• Wider Market Reach: Since wholesalers often offer a diverse array of products, you can diversify your inventory, reach more potential customers, and expand your market reach.
  • Reduced Marketing and Production Costs: Lower acquisition costs through wholesale pricing translate into more favorable profit margins.


  • Price Point Constraints: Wholesale pricing often involves selling products at a lower price per unit, limiting your ability to set higher retail prices. This pricing constraint might make it challenging to target high-end markets or offer premium products.
  • Lower Profit Margins: Lower per-unit costs with wholesale pricing can lead to thinner profit margins compared to retail pricing models.
  • Dependence on a Few Large Customers: Many wholesalers have a small number of large customers, such as retail chains. If one of these major customers experiences economic challenges or decides to change suppliers, it can substantially impact your business.

What Is Retail Pricing?

Retail pricing is the heartbeat of your Shopify business. The strategy defines the price at which you present products to your customers, and it’s a vital component of your overall business success.

At its core, retail pricing involves setting a price for a product that covers the cost of acquiring or manufacturing the product and includes a markup to generate a profit. This markup is what sets the retail price higher than the base cost.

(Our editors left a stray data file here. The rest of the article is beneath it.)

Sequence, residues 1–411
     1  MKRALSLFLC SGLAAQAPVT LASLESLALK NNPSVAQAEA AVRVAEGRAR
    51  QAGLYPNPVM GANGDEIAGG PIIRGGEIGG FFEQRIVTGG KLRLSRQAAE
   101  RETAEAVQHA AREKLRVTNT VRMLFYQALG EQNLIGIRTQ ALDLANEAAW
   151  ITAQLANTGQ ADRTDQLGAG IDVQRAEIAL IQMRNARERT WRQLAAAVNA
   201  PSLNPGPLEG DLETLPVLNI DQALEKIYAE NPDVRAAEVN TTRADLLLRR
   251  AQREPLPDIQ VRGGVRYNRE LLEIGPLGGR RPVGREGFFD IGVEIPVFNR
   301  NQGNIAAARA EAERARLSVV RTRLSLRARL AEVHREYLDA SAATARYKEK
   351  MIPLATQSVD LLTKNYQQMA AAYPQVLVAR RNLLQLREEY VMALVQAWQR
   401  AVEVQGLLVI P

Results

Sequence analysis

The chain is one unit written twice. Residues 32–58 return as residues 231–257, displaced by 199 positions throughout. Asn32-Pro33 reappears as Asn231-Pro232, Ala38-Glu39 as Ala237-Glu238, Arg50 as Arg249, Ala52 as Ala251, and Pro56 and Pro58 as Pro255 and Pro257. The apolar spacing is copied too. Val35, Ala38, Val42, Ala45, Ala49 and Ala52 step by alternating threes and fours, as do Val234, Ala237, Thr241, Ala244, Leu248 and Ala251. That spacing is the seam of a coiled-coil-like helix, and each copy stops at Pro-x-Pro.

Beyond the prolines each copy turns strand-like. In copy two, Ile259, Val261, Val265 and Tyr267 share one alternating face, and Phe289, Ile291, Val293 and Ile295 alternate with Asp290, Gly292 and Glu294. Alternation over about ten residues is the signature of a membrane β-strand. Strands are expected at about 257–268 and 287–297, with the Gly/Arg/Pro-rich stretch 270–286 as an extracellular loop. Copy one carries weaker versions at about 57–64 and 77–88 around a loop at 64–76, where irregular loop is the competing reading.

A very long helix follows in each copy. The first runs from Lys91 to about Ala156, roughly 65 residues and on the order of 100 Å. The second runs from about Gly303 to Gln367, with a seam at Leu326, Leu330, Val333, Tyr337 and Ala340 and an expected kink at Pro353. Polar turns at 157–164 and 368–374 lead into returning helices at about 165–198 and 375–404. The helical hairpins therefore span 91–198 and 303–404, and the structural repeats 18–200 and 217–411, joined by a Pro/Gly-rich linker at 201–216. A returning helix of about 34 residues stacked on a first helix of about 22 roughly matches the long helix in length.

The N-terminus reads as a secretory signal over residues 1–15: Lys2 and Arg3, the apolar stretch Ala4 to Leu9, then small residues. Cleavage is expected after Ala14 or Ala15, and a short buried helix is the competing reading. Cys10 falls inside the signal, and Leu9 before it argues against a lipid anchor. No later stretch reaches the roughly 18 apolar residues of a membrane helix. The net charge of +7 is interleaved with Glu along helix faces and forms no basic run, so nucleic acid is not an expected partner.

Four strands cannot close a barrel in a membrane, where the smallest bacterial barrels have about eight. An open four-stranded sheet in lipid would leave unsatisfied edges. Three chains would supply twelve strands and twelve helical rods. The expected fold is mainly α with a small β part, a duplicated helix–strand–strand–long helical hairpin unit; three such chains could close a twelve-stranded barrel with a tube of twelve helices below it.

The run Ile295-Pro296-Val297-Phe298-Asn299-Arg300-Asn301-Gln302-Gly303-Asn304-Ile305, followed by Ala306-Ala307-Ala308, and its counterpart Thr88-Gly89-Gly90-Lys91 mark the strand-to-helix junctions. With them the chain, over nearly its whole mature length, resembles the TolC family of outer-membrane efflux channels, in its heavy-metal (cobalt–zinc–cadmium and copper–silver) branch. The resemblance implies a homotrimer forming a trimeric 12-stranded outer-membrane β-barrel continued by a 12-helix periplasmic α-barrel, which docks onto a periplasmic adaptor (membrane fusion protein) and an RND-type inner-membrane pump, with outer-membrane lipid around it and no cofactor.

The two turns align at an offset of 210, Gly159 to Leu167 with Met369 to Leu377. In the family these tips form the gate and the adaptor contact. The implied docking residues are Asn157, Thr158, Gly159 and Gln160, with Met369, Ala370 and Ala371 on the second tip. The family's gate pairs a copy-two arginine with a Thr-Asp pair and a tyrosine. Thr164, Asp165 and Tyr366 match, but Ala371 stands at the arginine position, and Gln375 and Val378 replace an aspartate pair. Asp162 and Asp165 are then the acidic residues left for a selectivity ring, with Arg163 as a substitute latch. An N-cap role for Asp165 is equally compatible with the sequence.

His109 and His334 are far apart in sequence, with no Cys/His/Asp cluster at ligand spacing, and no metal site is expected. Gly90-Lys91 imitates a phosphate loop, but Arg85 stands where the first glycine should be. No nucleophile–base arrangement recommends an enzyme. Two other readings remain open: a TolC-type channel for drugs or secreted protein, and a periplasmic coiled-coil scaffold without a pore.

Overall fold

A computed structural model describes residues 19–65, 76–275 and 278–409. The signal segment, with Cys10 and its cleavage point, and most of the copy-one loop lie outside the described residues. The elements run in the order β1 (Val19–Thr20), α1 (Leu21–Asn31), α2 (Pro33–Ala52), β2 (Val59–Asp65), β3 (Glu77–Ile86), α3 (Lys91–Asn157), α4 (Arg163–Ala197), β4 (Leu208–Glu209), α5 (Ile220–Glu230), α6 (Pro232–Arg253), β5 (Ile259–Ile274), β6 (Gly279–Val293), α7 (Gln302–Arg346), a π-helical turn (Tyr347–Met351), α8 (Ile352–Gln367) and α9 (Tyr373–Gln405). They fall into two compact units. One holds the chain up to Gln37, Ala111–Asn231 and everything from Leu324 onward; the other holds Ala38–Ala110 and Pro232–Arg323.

Example of Retail Pricing

Earlier, we looked at an example of wholesale pricing for water bottles on Alibaba. Below is an example of an Amazon retailer selling a similar (possibly identical) product at a massive retail markup.

Assuming this retailer bought in bulk, one bottle may have cost them as little as $2.05 to buy. So, with a retail price of $25.68 per bottle, they’re potentially making a profit of more than 1,152% with every sale.

Obviously, there’s a bit of speculation here, but that’s the gist of retail pricing. It enables you to profit from a product by charging your customers more than you paid. How much more? There are a few different approaches to answer that question:

  • Cost-Plus Pricing: This is the simplest way to set a retail price and involves simply adding some extra money (the “plus”) to cover your costs.
  • Competition-Based Pricing: Using this method, you figure out what other retailers charge for similar products and adjust accordingly using this method.
  • Value-Based Pricing: With this approach, you set prices based on what people will actually pay for the product. This is based on quality, brand, and market demand.
  • Penetration Pricing: This is a pricing strategy where you initially lower the price of your product to attract customers and gain market share. Once you have a customer base, you can raise prices slowly over time.
  • Subscription Pricing: Subscription pricing can be a great way to make money on a recurring basis. Using a subscription commerce platform like Upscribe, you can set up a subscription plan with different tiers or offer discounts on multiple products.

Advantages and Disadvantages of Retail Pricing


  • Wide Variety of Goods Sold: With retail pricing, you can curate a diverse range of products in your Shopify store. You can offer goods spanning various categories and appeal to a broad audience with differing tastes and preferences.
  • Lower Investment Costs: Retail pricing doesn’t require purchasing products in large quantities, as is often the case with wholesale pricing. This means you can start your Shopify business with lower upfront investment costs.